There is hope, isn’t there?
The needs or fears we feel right now drive our thoughts and actions. Any sense we have of a long-term, big-picture, balanced understanding normally follows our action. We react to events first and ask question later. So what hope is there? Chapter 15 hints at what is required to slow reaction time,
Tentative, as if fording a river in winter, Hesitant, as if in fear of his neighbors;
Formal like a guest; Falling apart like thawing ice;
Thick like the uncarved block; Vacant like a valley;
Murky like muddy water.
This approach to life helps me keep balance. Mind you, it’s okay to lose balance. That’s only human. However, it is invaluable to recognize when I do. Here are some ‘tells’ I use to warn me when I’m losing balance:
- Any strong emotion, sense of attraction or aversion, like or dislike, need or fear tells me that whatever I think I am seeing is actually a reflection of that emotion. It’s not that ‘out there’; it’s this ‘in here’!
- Any perception that makes differences appear significant is probably making mountains out of what are at least probable molehills. Remaining alive to the relative nature of judgment helps me avoid taking a cognitive wrong turn and ending up in the ditch.
- Impatient, are we? Feeling the impulse to resolve a situation immediately, get it done now, fix it ‘yesterday’ are excellent indications of imbalance. Going with my impetuous flow frequently signals a looming disaster. Count to ten, take a deep breath, go take a nap, sleep on it.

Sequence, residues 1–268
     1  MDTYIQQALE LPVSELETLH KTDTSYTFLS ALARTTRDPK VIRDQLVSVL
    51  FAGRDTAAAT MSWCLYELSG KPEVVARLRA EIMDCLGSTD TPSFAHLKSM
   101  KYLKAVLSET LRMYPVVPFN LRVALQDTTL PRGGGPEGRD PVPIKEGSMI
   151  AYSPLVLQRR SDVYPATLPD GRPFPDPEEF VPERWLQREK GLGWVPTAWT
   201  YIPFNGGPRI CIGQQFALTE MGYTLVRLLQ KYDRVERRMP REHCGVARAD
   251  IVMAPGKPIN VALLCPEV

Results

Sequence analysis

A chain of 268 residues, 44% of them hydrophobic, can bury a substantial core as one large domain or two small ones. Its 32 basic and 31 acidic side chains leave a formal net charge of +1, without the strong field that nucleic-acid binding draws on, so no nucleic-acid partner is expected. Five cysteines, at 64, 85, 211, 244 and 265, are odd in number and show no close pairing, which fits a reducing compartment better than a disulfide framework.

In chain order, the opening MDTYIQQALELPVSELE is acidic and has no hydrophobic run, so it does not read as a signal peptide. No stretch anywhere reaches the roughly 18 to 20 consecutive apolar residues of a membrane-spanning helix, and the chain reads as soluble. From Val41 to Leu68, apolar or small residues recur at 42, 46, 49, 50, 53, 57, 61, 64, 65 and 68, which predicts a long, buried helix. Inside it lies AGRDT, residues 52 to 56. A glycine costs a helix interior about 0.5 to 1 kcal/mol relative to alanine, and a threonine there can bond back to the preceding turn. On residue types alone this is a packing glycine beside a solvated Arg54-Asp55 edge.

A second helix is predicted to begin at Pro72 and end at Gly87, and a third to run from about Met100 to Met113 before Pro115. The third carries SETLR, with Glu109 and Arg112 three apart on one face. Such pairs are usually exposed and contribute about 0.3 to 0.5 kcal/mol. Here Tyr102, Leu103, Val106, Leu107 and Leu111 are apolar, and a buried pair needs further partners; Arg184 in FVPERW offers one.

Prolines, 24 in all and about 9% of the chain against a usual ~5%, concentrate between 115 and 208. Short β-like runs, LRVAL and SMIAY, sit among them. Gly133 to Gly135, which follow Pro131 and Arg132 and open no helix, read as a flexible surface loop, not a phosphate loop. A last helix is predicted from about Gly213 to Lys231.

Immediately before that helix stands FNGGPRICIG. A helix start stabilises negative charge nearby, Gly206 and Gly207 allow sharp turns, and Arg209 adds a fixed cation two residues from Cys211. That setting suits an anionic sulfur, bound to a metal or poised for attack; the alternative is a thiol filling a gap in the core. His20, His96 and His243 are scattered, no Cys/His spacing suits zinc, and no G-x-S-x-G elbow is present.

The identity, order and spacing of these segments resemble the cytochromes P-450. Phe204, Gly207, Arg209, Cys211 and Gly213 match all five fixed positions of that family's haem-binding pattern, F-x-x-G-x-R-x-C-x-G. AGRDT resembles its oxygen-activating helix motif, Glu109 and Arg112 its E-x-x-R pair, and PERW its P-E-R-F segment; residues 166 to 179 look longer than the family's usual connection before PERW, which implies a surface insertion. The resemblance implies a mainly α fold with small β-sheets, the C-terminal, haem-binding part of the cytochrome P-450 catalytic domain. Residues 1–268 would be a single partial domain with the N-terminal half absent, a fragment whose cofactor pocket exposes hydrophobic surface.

In summary: which path shall it be?
The ultimate value of understanding lies in how it helps us with the choices we face with each day, even each moment, throughout life. “Do I want to feel happy or to feel a sense of well being?” A first glance these appear synonymous. They aren’t necessarily, at least as I define those words. Happiness is more up beat, stimulating, fun, pleasurable, being ‘high on life’. Somewhat conversely, well-being is even, cool and calm, down-to-earth, impartial, balanced. You might say we chase after happiness; we return to well-being. (photo: they both look the same, but…)
In some ways, Buddha’s prescription of life comes down a choice between happiness and well-being. Recognizing the difference requires Right Comprehension, as Buddha calls it. Without a doubt, Buddha’s Four Noble Truths are the best road map I’ve come across for choosing the path of well-being over happiness.